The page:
“We really thought it was just a weird pattern of inheritance,” Germain recalled. “We hadn’t thought about nonrandom fertilization.”
Later, on a whim, Germain decided to review all the raw data from his experiments. As he looked over the results, he remembered Godbout’s questions that had been prompted by Nadeau’s email. The more he looked at the data, the more that genetically biased fertilization looked like “the most plausible explanation,” he said.
Frustrated at how few scientists had seriously considered genetically biased fertilization as an explanation for their results, Nadeau wrote up his hypothesis in “Can Gametes Woo?,” an article published in October in Genetics. His goal, he said, was to spur more research into this area and determine if and how egg-and-sperm interactions can alter fertilization.
“We’ve been blinded by our preconceptions. It’s a different way to think about fertilization with very different implications about the process of fertilization,” Nadeau says.
Other scientists, such as Manier at George Washington University, say that Nadeau’s hypothesis is intriguing and even plausible, but they point out that no one has any evidence about how it could happen. Nadeau agrees and points to two possibilities.
The first involves the metabolism of B vitamins such as folic acid, which form important signaling molecules on sperm and eggs. Research in Nadeau’s lab has shown that these molecules play an outsize role in fertilization, and he believes abnormalities in certain signaling genes may alter how much sperm and egg attract each other.
A competing hypothesis builds on the fact that sperm are often present in the female reproductive tract before the final set of cell divisions that produce the egg. Signals from the sperm could influence these cell divisions and bias the identity of the cell that becomes the egg.
Whatever the mechanism might be, this work challenges the standard view of female physiology as passive during fertilization. “Females were seen as passive objects with no choice, but females are going to have a vested interest in the outcome of fertilization,” said Renee Firman, an evolutionary biologist at the University of Western Australia. “We still have a long way to go to understand this process, but I don’t think we still really appreciate how common this is and how often it happens.”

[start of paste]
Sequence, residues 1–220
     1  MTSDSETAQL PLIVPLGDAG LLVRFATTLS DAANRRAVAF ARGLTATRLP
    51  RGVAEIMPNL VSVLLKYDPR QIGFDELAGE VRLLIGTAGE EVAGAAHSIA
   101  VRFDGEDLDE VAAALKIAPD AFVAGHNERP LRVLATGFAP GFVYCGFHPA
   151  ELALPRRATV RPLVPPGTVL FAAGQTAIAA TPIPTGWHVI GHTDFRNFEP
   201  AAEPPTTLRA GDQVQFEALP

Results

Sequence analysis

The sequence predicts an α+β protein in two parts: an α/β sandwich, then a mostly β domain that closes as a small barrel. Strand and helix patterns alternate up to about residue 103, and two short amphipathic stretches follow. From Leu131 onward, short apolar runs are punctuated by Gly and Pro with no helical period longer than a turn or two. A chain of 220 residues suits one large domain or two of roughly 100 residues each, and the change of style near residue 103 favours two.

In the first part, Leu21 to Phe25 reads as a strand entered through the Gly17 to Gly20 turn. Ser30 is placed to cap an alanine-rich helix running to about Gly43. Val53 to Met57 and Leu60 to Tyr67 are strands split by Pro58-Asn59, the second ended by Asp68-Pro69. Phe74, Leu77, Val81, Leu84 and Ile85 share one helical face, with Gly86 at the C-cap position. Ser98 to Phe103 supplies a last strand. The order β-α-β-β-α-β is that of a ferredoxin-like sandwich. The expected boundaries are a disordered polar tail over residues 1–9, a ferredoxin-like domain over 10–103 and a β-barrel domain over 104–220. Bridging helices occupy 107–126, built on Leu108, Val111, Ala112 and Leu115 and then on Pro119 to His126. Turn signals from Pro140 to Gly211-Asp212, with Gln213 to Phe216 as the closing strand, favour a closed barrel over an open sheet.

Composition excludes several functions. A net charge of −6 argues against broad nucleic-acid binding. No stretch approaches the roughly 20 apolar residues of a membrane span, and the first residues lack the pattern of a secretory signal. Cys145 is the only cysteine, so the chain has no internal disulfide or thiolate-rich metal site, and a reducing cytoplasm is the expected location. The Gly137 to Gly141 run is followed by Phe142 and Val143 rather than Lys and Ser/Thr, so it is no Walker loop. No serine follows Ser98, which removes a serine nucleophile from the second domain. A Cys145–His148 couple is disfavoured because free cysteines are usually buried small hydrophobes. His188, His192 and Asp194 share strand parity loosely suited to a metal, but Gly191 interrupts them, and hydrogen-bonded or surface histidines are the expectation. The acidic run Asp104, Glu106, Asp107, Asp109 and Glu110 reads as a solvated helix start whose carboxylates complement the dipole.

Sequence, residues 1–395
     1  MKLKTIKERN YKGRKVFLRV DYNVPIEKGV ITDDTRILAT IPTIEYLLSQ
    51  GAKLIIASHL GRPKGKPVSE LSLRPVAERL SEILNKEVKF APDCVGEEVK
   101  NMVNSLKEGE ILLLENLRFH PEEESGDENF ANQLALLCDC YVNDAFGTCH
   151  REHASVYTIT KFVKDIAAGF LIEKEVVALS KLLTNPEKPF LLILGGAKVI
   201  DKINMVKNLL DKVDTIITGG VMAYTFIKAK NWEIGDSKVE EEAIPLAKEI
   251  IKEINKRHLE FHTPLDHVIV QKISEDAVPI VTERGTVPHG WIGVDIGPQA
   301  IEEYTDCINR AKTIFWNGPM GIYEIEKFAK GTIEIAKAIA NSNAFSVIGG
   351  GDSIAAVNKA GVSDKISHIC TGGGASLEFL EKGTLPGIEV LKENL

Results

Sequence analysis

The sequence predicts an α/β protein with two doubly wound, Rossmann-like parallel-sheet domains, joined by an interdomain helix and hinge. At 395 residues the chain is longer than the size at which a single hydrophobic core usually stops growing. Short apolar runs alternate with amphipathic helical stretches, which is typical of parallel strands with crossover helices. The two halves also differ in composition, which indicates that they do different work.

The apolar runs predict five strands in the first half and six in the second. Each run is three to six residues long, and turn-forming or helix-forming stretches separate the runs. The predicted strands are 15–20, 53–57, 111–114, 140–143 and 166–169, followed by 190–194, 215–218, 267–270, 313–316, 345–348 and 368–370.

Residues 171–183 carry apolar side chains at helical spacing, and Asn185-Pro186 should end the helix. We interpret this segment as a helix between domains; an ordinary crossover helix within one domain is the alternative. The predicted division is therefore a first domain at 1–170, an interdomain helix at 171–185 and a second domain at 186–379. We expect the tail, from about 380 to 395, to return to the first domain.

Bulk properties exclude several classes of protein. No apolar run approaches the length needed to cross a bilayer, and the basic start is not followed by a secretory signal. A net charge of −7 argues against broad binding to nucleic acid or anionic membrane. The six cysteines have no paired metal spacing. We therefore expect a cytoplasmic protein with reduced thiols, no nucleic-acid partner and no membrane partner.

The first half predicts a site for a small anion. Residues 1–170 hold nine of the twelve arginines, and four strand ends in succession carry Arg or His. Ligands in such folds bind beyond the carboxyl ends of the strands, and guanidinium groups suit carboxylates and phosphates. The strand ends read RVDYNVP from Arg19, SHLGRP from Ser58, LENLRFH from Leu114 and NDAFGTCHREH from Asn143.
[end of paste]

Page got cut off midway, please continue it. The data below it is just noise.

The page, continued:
Finding data to support or refute this hypothesis could be challenging, Manier said. It will depend on showing that genes within the sperm affect their surface molecules, and that the egg can sense these differences. Such results will require detailed biochemical studies of individual sperm cells and sequencing information about their genome.
Nadeau is prepared for skeptics—he’s encountered many at conferences when he presents the results of his mouse studies and his hypothesis for what’s going on. Critics often approach him after the talk and begin asking him questions. Whether they walk away convinced is unclear, but Nadeau feels they are much less certain that biased fertilization doesn’t happen. To Harmit Malik, a geneticist and virologist at the Fred Hutchinson Cancer Research Center, the situation is the ultimate Sherlock Holmesian solution.
“If you’ve eliminated the impossible, then what remains, however unlikely, must be the truth,” he quipped.